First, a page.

Friday, 2:00pm
17 August 2018

Bridges and verses

John Vernon Lord: Illustrating Joyce and Carroll

House of Illustration, London
13 July - 4 Nov 2018

The House of Illustration’s John Vernon Lord exhibition shows Lord’s extraordinary talent for magical narrative

You may be aware of John Vernon Lord’s work as a result of his long career as a freelance illustrator (which began in 1961) or through his lectures at Brighton College of Art, where he has taught illustration for nearly half a century, writes Clare Walters.

Or from his popular and long-lived children’s picturebook, The Giant Jam Sandwich and others, or his artwork for Deep Purple’s album The Book of Taliesyn. But whether you know him or not, the House of Illustration’s exhibition ‘John Vernon Lord: Illustrating Joyce and Carroll’ offers a chance to marvel at this imaginative, mega-competent artist’s extraordinary talent for narrative imagery.

Spread from Alice Through the Looking Glass.
Top: Spread from Alice’s Adventures in Wonderland.
All images © John Vernon Lord.

Alice Through the Looking Glass © John Vernon Lord

The show is grouped into several different sections. First there are three sets of illustrations for 21st-century Artists’ Choice Editions of Lewis Carroll’s The Hunting of the Snark (1876), Alice’s Adventures in Wonderland (1865) and Through the Looking-glass and What Alice Found There (1871). The highly detailed contents of the Carroll pictures reward close viewing. For instance, in ‘The Rabbit Hole’, not only is there an intriguing array of books, maps and objects lining the hole to pore over, but also the powerful perspective draws you as dizzily down as it does Alice. In ‘Six Impossible Things Before Breakfast’ the collection of mesmeric optical illusions is pleasingly perplexing, and in the image of a boss-eyed ‘Humpty Dumpty’ there is an almost-hidden peace symbol to spot disappearing off the edge of the wall. One intriguing aspect of the two Alice books is that the girl herself is not illustrated. Instead her words are set in blue rather than black type, so that her presence is ‘heard’ rather than seen (a fun twist on the phrase ‘children should be seen and not heard’).

An illustration from Finnegans Wake.

Tristan and Isolde

Next there are two sets of illustrations for the Folio Society’s editions of James Joyce’s Ulysses (1922) and Finnegans Wake (1939). Lord says: ‘My main hope is that the illustrations act as a bridge of communication between the text and the reader.’ To aid this understanding, he has added a ‘bridge’ of smaller images along the bottom of each main illustration to provide a link between the one before and the one after (with the final one returning to the first). This is based on the medieval concept of ‘predellas’ and, Lord says, ‘echoes Joyce’s use of cyclical repetition’. Again hidden in the intricate detail and complex pattern-making are layers of different meanings and references, while some images appeal directly to the emotions, such as the illustration ‘Anna Livia Plurabelle’, which shows a shimmering watery face that looks so real it sends shivers down the spine.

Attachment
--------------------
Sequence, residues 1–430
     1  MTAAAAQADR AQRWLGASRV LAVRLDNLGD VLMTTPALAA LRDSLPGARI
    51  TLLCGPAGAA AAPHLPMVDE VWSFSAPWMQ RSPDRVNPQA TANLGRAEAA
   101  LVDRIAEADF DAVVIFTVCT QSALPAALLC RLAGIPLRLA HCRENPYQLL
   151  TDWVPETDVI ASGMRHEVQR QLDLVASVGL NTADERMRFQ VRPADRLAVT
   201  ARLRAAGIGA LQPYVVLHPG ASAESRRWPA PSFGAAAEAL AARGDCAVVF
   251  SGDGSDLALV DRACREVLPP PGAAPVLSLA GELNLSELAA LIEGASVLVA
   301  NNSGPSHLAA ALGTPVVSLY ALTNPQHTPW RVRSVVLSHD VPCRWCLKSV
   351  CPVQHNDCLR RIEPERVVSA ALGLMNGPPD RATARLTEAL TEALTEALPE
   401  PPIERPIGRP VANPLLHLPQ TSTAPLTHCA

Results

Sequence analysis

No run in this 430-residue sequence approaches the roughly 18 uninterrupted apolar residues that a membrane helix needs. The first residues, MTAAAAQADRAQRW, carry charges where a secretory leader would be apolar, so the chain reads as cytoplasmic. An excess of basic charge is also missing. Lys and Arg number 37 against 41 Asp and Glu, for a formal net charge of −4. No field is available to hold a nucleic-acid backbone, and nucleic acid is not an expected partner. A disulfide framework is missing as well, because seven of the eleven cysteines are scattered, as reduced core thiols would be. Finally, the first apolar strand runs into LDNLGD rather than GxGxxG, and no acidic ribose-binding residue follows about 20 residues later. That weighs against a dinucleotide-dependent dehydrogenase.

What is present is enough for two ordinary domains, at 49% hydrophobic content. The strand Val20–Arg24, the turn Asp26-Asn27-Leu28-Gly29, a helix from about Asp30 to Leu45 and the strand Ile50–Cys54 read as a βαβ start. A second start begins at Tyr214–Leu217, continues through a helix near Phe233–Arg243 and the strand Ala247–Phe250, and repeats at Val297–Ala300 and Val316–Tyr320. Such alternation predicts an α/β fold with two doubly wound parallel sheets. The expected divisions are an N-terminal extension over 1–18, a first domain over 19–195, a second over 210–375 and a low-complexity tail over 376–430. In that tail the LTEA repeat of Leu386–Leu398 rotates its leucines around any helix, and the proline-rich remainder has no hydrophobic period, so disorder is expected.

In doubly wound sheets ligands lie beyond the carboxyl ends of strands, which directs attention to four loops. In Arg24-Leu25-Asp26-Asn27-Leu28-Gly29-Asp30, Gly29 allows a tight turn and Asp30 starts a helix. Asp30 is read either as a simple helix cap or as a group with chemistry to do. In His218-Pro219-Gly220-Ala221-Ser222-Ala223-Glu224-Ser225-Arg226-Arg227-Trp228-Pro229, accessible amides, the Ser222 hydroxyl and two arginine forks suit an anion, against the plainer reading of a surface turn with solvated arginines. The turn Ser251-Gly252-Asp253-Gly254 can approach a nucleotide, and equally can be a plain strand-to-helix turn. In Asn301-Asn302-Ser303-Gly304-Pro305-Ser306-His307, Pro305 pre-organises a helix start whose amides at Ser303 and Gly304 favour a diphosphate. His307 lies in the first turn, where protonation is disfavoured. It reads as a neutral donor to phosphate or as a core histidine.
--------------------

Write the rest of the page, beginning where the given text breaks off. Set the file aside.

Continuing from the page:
Each set of Carroll and Joyce illustrations is shown with its accompanying notebooks, which are works of art in themselves. In the exhibition booklet Chris Riddell describes Lord as a ‘wizard’, with wizarding gifts and magical spell books. And when you look at the entries in the artist’s notebooks this appears to be more truth than fiction. For each small book is crammed with tiny lines of neat writing, columns of calculations, miniature drawings, recurring motifs such as eyes or clockfaces, complex interweaving patterns, colour samples, numerous lists and so much more. In one, for instance, there is an extraordinary meditation on the number 42 (significant both to Carroll and Douglas Adams, author of The Hitchhiker’s Guide to the Galaxy) where the figures ‘4’ and ‘2’ are configured in an assortment of different ways – on dice, 3D shapes, dripping wax, twigs, bricks, dominoes and Roman numerals. This alone is utterly fascinating.

Title 42, from John Vernon Lord’s sketchbook.

Title 42 from sketchbook © John Vernon Lord

As well as the books, the ‘A Drawing a Day 2016’ series is on display. It shows hundreds of small pen-and-ink drawings, one completed on each day of that year. These witty mini-pictures have a particular charm, as they show weird and wonderful images of anything that took Lord’s fancy on a particular day, from imaginary monsters and creatures to real birds, insects and spiders, to letters of the alphabet and numerals to the more prosaic: pen, scalpel, video remote and even a toilet. Finally there are two large Lord works from the 1960s: The Back Basement of 76 Charlotte Street, W1, April 1962 and Beneath the Tree, 1966.

The December entry for ‘A Drawing a Day 2016’ series.

Dec2

These illustrations and notebooks suggest a man whose mind is constantly exploding with ideas, thoughts and random (or not) connections, and who combines these with meticulous research, inventive visual experiments and careful documentation to create a kind of magic. But it is a magic that is firmly rooted in the real world, with images often drawn from actual places and objects. Intriguingly, Lord’s precision includes the exact time it takes to do each drawing. Like a good meal, this exhibition is so rich and satisfying it is worth enjoying slowly and savouring each bit.

Illustrations from Ulysses.

Ulysses © John Vernon Lord

Ulysses © John Vernon Lord (2)

Clare Walters, author of children’s picturebooks and journalist, London

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